Music is a particularly emotive art form. One only has to have a quick glance at (pretty much) any internet music forum to witness the degeneration of perfectly reasonable, considered discussions into personal attacks, name calling and one-upmanship. For a fragile soul these forums can be intimidating places to inhabit – I tend to read (‘lurk’ I believe it is somewhat pejoratively referred to) relatively frequently, write very occasionally and despair at some point or other in almost every thread I follow! And the one thing that annoys me most of all is the categorical nature of many of the responses; the apparent lack of awareness that one’s appreciation of music is COMPLETELY subjective in nature (hmmm…a categorical statement that!), that there are no bad or good records, just ones you either like or don’t like. Maybe pussy-footing around with opinion makes for boring reading, but the most objective and balanced I’ve found so far (thanks to Nick) – I Love Music – does a pretty good job of keeping the chat amicable and relevant and, for my money, it’s all the better for it.
The reason for the above rant – The Chills 1987 album Brave Words. I almost wrote ‘masterpiece’ instead of ‘album’, but, to be honest, it’s not a masterpiece, at least not in the conventional sense. The music on Brave Words is not particularly innovative, the singing, at times, is pretty ropey, Mayo Thompson’s (of Red Krayola (in)fame) production is murky at best and the quality of the songs is uneven. To make matters even worse, my vinyl copy of Brave Words is just about as warped as a playable record can be, having on one occasion (many years ago) been left in the roasting July sun on my brother’s bedroom windowsill! So objectively, Brave Words is a pretty poor offering for DRC (I think Nick may well be agreeing with this statement in his response). Yet I love it so. More than any of my other offerings thus far…way more in fact – we’re talking top ten in my collection love here. And it’s a love that deepens with each new chapter of our relationship (ironically, The Chills have a song called Familiarity Breeds Contempt on Brave Word’s successor, the also excellent Submarine Bells).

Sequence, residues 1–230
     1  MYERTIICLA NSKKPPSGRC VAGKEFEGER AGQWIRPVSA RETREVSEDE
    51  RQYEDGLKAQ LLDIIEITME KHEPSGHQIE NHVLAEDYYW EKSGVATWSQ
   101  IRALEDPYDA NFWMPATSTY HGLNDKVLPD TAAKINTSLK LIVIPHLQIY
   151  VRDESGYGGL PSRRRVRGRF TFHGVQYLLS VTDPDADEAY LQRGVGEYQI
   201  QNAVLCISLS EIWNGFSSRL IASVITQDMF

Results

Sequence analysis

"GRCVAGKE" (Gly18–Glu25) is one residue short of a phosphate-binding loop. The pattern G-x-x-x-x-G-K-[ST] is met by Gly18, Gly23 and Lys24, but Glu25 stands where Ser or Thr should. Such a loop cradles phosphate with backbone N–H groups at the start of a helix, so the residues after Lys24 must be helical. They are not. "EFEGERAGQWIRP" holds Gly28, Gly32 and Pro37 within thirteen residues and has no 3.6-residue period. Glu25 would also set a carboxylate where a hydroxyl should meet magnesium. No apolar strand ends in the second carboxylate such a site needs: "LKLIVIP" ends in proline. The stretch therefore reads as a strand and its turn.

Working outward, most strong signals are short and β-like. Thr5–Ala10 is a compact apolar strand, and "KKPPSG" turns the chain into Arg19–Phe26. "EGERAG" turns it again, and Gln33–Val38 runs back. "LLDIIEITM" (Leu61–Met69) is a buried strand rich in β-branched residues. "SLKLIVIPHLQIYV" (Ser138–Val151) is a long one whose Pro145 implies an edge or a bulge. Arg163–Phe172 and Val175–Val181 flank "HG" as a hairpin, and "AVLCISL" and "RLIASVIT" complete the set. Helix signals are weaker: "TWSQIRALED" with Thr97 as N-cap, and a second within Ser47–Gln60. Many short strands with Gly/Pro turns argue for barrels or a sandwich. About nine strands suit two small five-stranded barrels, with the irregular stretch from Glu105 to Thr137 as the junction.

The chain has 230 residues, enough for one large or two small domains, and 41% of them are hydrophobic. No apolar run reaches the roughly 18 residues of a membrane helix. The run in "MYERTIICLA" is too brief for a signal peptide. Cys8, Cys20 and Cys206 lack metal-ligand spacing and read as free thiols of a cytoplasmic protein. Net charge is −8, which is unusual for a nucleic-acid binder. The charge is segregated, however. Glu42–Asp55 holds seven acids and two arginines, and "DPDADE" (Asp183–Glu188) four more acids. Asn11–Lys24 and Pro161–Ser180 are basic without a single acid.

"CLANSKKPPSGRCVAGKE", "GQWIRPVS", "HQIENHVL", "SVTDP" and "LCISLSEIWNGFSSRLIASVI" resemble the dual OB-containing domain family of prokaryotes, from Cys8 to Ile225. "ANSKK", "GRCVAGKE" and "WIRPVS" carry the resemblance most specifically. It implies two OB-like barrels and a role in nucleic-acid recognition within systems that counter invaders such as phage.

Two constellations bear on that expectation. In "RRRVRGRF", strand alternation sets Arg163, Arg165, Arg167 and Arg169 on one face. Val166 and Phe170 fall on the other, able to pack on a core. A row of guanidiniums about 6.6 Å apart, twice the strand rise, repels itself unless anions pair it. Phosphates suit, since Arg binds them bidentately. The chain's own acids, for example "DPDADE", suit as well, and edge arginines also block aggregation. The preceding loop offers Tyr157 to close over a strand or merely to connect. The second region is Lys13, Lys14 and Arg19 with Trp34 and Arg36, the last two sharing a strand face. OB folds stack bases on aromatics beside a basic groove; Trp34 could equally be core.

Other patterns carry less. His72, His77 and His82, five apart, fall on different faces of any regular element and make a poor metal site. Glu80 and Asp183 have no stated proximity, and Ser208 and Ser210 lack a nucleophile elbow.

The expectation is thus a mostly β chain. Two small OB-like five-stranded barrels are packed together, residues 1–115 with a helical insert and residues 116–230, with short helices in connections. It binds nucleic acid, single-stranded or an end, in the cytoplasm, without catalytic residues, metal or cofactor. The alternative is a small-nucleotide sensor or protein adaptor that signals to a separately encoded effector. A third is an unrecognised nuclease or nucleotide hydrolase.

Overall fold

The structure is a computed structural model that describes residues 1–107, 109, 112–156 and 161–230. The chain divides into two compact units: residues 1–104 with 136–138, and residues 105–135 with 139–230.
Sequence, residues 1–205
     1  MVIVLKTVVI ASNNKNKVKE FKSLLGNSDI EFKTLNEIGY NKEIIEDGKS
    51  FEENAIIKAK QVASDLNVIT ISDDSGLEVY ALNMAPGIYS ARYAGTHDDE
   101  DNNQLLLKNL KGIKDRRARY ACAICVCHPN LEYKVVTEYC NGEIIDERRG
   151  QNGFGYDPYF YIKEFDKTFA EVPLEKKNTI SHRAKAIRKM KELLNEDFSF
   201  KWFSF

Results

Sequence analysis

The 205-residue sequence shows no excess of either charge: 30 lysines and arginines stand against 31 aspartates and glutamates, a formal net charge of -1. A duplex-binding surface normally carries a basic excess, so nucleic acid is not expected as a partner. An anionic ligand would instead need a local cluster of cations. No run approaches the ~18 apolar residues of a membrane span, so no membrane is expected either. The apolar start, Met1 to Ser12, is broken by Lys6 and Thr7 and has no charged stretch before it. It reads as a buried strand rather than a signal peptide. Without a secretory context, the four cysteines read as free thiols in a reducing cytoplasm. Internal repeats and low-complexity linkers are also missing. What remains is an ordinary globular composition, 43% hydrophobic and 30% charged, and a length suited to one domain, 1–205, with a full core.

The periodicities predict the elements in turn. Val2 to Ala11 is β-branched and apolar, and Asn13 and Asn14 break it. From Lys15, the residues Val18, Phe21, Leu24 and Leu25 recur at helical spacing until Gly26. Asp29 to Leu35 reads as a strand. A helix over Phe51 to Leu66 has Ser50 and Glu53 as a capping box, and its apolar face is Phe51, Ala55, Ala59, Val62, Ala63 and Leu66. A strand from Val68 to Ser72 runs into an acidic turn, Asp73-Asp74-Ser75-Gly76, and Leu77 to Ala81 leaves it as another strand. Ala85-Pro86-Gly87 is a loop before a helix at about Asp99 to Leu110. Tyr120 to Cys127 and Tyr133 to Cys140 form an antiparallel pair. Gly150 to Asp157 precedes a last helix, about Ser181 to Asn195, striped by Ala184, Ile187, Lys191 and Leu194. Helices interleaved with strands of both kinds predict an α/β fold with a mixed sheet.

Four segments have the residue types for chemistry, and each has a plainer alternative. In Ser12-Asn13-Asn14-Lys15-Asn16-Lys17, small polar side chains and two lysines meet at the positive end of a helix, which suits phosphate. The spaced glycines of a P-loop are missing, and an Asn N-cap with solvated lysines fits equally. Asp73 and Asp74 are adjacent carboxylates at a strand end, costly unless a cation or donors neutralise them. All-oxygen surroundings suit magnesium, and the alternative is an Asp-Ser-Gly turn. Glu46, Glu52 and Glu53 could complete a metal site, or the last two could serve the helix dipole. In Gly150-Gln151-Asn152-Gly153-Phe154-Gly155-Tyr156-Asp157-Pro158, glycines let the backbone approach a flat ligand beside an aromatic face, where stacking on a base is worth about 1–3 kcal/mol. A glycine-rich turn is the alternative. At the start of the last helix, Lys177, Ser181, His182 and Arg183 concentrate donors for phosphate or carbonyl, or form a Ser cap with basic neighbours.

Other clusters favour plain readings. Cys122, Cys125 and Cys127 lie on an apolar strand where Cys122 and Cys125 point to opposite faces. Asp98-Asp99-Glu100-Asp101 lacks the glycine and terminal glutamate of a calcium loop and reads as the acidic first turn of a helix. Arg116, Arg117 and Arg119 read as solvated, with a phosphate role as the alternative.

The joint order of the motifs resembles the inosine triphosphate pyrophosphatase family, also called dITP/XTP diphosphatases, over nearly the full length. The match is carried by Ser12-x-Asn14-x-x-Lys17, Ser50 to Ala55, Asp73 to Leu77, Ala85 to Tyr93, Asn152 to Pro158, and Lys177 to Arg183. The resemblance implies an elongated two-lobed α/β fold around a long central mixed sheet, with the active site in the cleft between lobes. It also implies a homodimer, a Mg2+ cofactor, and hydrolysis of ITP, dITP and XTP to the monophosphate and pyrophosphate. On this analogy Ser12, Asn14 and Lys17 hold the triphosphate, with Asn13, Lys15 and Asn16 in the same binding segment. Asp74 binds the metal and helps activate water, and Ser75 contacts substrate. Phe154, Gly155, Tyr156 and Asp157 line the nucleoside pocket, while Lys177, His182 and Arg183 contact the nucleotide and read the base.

I can clearly recall listening to Brave Words for the first time and being distinctly unimpressed. I can’t quite remember the sequence of events but I believe it was around the time I first discovered the wonders of Antipodean indie through the delights of The Go-Betweens’ Liberty Belle… and 16 Lover’s Lane albums. I was looking for more of the same, but found Brave Words to be ham-fisted, amateurish and, in places, unmelodic in comparison (this was before the lo-fi scene of the early 90s came along and made that sort of thing commonplace, if not revered). But, by the law of the opposite of diminishing returns, I found myself enjoying each subsequent listen that little bit more; almost as if ticking off each freshly conquered song, to the extent that eventually (and it took a fair while) I came to see all the various facets of the album as essential components of a magnificent whole. And once this point had been reached, other attributes began to reveal themselves – the warmth of the sound, the sense of place (we talked about this at the meeting) that the record evokes, the ebb and flow of the songs as they meander from jangle pop (Push, the unimpeachable Rain, the deeply confessional Wet Blanket) , to spiky Buzzcockian (?) power punk (Look for the Good in Others and They’ll See the Good in You), to swaggering indie groove funk (16 Heart-throbs), to eerie and graceful (The Night of Chill Blue). Like so many bands on the Flying Nun label, The Chills main protagonist, Martin Phillips, spent some time playing with The Clean and whilst their myriad offspring have gone on to produce a wealth of first class music, it is Phillips’ vision and talent that, for me, are the zenith of New Zealand indie’s embarrassment of riches.